Yesterday, the Dispatch wrote this about the new Rasmussen poll showing Rob Portman up by 4 on Lee Fisher:
Rasmussen’s explanation of the party ID crosstabs hardly seems to lead to a 4-point Portman lead, unless its sample is overwhelmingly Democratic:
“Portman, a former congressman and George W. Bush administration official, has support from 85% of Republicans, while Fisher is backed by 69% of Democrats. Portman leads by 20 points among voters not affiliated with either major political party.”
Well, with Rasmussen’s numbers out today showing Kasich up only by three on Strickland, do these crosstabs look any better from a Party ID weighting perspective?
Not so much.
Kasich wins 83% of the GOP vote.
Strickland wins 72% of the Dem vote.
Kasich wins Independents by 19%.
And we’re supposed to believe Kasich is up by only 3%? Once again, that’s only possible if the sample is overweighted with Democratic votes.
So let’s try a little experiment of our own.
If we use the highest profile Exit Poll from the 2008 election, as provided by CNN, that broke down the number of GOPers, Dems, and Independents that voted in the Presidential, and applied those ratios to this result, what would happen?
In 2008, per CNN, 5,608,789 Ohioans voted. 39% were Democrats, 31% were Republicans, and 30% were Independent.
As you can see, if we apply Rasmussen’s gubernatorial choices by Party to the Party ID model provided by CNN in 2008, we get a vastly different result. And that doesn’t even take into consideration the all too likely probability that the 2010 breakdown by Party will likely be more favorable to Republicans than the Year of Obama.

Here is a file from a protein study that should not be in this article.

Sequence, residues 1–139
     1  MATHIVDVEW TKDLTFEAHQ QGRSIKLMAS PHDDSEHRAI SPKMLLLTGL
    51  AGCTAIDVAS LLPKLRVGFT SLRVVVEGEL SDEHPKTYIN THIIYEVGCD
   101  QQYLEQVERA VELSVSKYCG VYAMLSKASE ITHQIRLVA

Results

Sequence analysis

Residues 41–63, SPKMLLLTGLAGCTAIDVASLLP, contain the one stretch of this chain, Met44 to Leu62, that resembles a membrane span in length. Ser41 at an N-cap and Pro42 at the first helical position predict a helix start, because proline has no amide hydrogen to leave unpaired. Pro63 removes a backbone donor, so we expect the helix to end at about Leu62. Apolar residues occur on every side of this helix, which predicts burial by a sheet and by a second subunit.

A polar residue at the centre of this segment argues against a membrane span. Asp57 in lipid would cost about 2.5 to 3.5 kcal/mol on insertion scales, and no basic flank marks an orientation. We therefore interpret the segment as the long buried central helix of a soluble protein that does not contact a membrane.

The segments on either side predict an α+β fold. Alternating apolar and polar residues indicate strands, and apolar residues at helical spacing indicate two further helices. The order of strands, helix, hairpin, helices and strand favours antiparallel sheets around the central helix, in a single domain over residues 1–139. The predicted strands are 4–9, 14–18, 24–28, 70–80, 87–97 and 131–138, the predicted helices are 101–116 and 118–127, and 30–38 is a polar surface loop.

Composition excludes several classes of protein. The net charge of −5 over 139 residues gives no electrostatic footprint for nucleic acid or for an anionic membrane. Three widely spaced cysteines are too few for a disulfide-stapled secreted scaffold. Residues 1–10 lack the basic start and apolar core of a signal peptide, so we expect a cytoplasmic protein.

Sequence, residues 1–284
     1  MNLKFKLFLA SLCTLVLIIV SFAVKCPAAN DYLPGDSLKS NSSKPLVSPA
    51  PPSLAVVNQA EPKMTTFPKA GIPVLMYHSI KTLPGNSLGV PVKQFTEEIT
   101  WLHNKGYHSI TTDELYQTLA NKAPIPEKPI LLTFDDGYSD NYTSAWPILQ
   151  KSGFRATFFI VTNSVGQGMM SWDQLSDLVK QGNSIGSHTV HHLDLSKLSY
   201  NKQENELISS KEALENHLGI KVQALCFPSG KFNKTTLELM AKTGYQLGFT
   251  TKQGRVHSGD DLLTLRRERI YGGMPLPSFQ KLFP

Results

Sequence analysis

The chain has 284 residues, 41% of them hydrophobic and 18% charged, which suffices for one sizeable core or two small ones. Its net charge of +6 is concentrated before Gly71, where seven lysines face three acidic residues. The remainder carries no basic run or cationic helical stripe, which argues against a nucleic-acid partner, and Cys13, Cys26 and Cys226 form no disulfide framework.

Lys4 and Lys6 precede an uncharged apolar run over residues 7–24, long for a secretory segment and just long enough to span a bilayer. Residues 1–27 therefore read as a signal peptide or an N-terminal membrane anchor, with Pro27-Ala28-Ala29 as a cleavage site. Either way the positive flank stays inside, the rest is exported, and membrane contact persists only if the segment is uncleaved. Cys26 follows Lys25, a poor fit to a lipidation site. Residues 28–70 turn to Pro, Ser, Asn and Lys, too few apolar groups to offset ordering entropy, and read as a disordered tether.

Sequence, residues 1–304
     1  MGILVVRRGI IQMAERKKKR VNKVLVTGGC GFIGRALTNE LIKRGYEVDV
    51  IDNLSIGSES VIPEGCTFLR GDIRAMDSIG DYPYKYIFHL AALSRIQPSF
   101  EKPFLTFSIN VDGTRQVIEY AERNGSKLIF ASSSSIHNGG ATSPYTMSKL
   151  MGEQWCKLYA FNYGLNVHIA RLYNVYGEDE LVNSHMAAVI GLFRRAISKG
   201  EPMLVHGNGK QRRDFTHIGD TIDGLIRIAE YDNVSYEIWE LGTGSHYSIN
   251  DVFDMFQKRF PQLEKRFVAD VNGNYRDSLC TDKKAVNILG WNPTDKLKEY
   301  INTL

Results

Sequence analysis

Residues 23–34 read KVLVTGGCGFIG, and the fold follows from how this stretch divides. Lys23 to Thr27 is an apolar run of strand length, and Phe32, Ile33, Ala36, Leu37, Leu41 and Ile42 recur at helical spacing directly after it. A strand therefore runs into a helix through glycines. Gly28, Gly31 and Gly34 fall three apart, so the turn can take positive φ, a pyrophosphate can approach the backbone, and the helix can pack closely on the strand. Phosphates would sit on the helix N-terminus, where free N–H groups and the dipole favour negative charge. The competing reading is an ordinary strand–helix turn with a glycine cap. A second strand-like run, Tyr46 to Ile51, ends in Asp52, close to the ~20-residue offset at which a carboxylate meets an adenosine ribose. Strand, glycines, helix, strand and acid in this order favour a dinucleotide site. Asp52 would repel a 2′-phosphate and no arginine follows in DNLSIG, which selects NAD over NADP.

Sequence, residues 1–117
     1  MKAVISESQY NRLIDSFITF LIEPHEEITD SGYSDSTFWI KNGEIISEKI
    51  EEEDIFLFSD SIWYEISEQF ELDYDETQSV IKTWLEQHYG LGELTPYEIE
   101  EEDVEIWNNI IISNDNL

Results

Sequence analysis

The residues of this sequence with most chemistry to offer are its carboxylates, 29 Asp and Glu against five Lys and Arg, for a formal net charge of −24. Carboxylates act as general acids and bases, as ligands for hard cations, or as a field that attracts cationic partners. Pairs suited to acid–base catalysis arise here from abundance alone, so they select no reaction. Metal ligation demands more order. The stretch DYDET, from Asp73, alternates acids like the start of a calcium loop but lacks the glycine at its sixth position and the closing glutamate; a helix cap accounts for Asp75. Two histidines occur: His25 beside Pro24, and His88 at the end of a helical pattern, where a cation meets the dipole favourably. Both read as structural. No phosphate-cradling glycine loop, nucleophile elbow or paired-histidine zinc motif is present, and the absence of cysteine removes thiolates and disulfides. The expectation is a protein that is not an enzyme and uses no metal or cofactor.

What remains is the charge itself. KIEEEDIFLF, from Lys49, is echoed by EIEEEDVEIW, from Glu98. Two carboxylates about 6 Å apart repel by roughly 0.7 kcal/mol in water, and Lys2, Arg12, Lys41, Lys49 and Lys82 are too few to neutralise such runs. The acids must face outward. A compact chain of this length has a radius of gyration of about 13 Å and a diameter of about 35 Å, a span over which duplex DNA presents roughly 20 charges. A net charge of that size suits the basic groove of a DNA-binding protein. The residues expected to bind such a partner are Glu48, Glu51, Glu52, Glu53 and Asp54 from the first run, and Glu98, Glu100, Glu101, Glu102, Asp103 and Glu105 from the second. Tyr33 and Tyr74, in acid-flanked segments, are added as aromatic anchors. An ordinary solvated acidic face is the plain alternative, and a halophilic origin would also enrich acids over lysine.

Now, is this formula perfect? Of course not. We’re using two different polls, and we’re unable to determine whom the undecideds in Rasmussen would vote for. But this does give us a more realistic perspective of what to expect if Rasmussen’s breakdown by Party ID is correct.
The one pollster so far that has most closely reflected Party ID as it broke down in 2008 has been the Democratic polling firm PPP. Unfortunately, we haven’t heard from them since late June.
This all goes to show you, gauging a race by a single poll, while very interesting, isn’t likely to give you a real reflection of the race. Instead, we need to gauge polls as an aggregate. The bad news there? Four of the past six polls have been Rasmussen.
PPP, Quinnipiac, Ohio Poll, and Survey USA need to step it up.